This moving and humorous documentary follows six teenagers who, like the “average American child,” spend five to fifteen hours a day behind screens. Play Again unplugs these teens and takes them on their first wilderness adventure – no electricity, no cell phone coverage, no virtual reality.
Push for the Connection
Two decades of ground breaking exploration and research within the mammoth cave systems of Northern Florida stall during one of the longest periods of dark water on record. During a period of clear water conditions, explorers from GUE’s Woodville Karst Plain Project resolve to establish a physical link between two of the largest underwater cave systems in the world. Following a series of previously unimaginable dives, exploration divers push nearly 26,000 feet (7KM) into the extreme depths of the Wakulla and Leon Sinks cave systems. A range of nearly 30-hour immersions while exploring at 300 feet (90m) lead WKPP explorers to a series of breakthrough discoveries, resulting in one of the most celebrated connections in cave diving history.
The first feature-length documentary film to capture the vitality and diversity of today’s religious-environmental activists. From within their Christian, Jewish, Buddhist and Muslim traditions, Americans are becoming caretakers of the Earth. With great courage, these women, men and children are re-examining what it means to be human and how we live on this planet. Their stories of combating global warming and the devastation of mountaintop removal, of promoting food security, environmental justice, recycling, land preservation, and of teaching love and respect for life on Earth are the heart of renewal.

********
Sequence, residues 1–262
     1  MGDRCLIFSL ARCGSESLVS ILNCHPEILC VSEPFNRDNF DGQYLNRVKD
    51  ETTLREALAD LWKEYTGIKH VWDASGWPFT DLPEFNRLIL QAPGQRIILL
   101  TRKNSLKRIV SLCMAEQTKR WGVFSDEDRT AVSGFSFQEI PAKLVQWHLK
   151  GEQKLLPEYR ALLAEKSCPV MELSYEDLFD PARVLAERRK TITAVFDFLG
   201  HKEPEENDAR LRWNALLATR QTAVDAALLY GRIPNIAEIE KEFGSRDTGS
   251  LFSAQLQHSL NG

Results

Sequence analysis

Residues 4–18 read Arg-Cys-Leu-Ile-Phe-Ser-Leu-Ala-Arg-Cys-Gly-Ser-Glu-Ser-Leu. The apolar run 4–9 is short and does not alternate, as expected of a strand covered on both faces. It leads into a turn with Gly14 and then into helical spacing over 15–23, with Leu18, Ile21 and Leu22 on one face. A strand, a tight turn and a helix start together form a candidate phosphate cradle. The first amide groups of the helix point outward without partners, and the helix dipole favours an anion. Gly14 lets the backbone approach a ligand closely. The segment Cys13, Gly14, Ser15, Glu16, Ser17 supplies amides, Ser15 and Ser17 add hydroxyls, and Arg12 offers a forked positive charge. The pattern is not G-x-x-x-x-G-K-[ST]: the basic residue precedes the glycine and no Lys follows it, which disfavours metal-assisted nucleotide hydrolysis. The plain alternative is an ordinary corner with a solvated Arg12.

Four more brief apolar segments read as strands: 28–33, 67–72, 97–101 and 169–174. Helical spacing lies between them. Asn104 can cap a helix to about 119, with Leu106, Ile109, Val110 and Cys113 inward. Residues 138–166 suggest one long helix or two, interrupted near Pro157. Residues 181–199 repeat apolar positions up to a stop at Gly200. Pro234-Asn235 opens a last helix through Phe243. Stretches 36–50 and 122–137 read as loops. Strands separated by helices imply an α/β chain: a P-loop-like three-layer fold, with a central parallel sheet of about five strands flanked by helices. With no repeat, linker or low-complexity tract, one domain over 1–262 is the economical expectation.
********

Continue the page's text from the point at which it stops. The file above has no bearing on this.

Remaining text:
A documentary about the ‘chemical society’ – the society we have been building since the Second World War. Back then, humans used 1 million tons of chemicals per year; the figure today is 500 million tons. The chemical industry is the fastest-growing industry in the world. The film is about the 100,000 chemicals we use every day, what they’re used for and what they do to us and our health. And I don’t mean food additives – I’m talking about chemicals we are exposed to in our daily environments: softeners (phthalates), flame retardants (PBDE), surfactants (PFOS, PFOA) and so on.
The story of the worst environmental disaster you’ve never heard of: the Tar Creek Superfund site. Once one of the largest lead and zinc mines on the planet, Tar Creek is now home to more than 40 square miles of environmental devastation in northeastern Oklahoma: acid mine water in the creeks, stratospheric lead poisoning in the children, and sinkholes that melt backyards and ball fields. As Tar Creek reveals, America’s Superfund sites aren’t just environmental wastelands; they’re community tragedies, too. Until the community fights back.